Why did Maybach put a speedometer in the rear of the cabin? The salesman’s line: “so you can tell the driver to slow down.” I don’t think so. Plutocrats don’t get to be plutocrats by ambling about, caring about the hired help’s driving record or hiring chauffeurs who can’t drive safely. [NB: Mohammed Al Fayed wasn’t a plutocrat.] My explanation: velocity equals distance over time. Maybach figured its patrons would want to note their speed, check the flanking clock and calculate when they’d get to where they’re going. In other other words, Maybach owners would want to know when they’re going to leave their Maybach. The roof-mounted speedo embodies the luxury limo’s underlying philosophy. Maybach. The ideal conveyance for people who’d rather be somewhere else.
The Maybach 57S’s exterior does nothing to contradict this theory and much to confirm it. Think of it this way: If an upscale automaker wants to cater to super rich consumers who don’t like cars, or already own all the cars they like, there are only two ways to go. First, they can try to change the customer’s mind with seductive curves (e.g., Maserati Quattroporte) or unabashed excess (e.g., Rolls Royce Phanton).
Failing that, fuck it. Just build something. Make it vaguely brand-compliant and call it good. Although Porsche’s new Panamera is a timely example of The “Whatever” School of Car Design, the rapidly aging Maybach’s exterior is the gold standard to which lazy and/or deeply misguided luxury carmakers must eternally aspire.
That said, the Maybach 57S’s shortened wheelbase eliminates some of the 62’s bland, ungainly hideousness. Unfortunately, as there was so much bland, ungainly hideousness to start with, that’s not saying much. The 57S still looks like the genetically-challenged offspring of a three-way between a Kia Amanti, a 2003 E-Class and a contemporaneous S-Class. The Maybach 57S lacks überholprestige; it isn’t attractive enough to deliver deference, nor ugly enough to scare small children. It’s quietly absurd.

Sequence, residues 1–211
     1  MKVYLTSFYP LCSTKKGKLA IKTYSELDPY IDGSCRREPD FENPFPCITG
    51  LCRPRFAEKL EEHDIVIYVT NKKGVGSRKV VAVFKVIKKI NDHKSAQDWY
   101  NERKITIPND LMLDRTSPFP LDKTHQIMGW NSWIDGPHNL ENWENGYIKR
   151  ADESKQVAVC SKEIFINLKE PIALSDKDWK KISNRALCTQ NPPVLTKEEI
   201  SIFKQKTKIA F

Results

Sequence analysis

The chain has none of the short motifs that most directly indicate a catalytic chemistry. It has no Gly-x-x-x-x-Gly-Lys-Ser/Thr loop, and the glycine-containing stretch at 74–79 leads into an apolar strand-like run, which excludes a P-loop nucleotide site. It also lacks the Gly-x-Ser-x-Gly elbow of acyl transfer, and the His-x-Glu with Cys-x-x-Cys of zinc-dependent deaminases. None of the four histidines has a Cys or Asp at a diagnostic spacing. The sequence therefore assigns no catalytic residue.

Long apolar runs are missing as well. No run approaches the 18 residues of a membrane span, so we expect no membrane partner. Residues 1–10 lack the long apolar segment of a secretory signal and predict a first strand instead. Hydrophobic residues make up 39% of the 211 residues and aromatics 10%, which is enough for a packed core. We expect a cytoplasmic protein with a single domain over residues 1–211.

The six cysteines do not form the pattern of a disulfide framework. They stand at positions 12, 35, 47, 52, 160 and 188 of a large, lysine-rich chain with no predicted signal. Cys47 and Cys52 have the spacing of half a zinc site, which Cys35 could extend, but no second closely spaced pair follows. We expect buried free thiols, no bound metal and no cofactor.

By its very existence, the Maybach 57S compounds this cognitive dissonance. A “sport” version of a three-ton limo? If nothing else, the concept implies that the Maybach 57S owner wants to drive his own car. Any such well-heeled wheelman will feel significantly shortchanged, in the Bernie Madoff sense of the word. Inlaid carbon fiber can’t disguise the fact that the 57S pilot’s ensconced in a cockpit that’s virtually identical to a Mercedes S-Class. The last generation S-Class. The Maybach 57S’s only “sense of occasion”: a button releases a dash panel which slides down to vomit forth a phone holder. Hey look! It’s 1997 calling!
OK, you can spend $9K and upgrade the 57S to full Bluetoothery. But when it comes to driver comfort and aesthetic appeal, the current generation Mercedes S-Class AMG has it all over the Maybach. As do a dozen cars stickering for $300K less—all of which are more attractive and prestigious (i.e. recognizable).
Yes, well, there is that. But if we set aside such prosaic concerns as badge snobbery and value-for-money, another question suggests itself: has Maybach succeeded in its questionable quest to transform Ginormica’s whip into the world’s most expensive sports sedan?
Maybach’s mechanics fit the 57 with a larger V12 (6.0-liter vs. 5.5-liter), increasing both horsepower and torque (603hp and 738 lb·ft vs. 543hp and 664 lb·ft). They also re-calibrated the 57’s air suspension, lowered the ride height by 0.6″, beefed-up the anti-roll bars and shod the beast with 20″ wheels. According to those in the business of selling it, the resulting 57S is “surprisingly agile.” Yes and no. If you try and turn the 57S hard into a corner, you will certainly be surprised—by the enormous vehicle’s desire to pivot on its axis. It’s oversteer Jim, on a planetary scale.
The logical response: forget cornering per se and go for maximum glide. In this the 57S’s engine and gearbox are remarkably uncooperative. In sport mode, the 12’s power delivery is twitchy and harsh, like the nervous lump lingering in the SL65’s snout, with an equal paucity of gears to smooth out the transitions (five’s your lot). In normal mode, the Maybach 57S takes a good half second or so to “wake up.” But don’t worry, the tire thump generated by the massive meats will keep you from drifting off (so to speak).
The 57S has one party trick: straight line acceleration. The zero to sixty sprint takes five seconds. In-gear teleportation is equally impressive. Provided you slap the autobox upside the head by slamming the go-pedal to the carpet, the Maybach 57S will take you from any speed to 171 mph on a single seamless wave of thrust. And . . . that’s it. That’s all you get.
There’s only one place to be in a Maybach, any Maybach: in the back. Anyone who buys a 57S to drive it simply doesn’t understand their place in life. A shortcoming they share with the vehicle itself.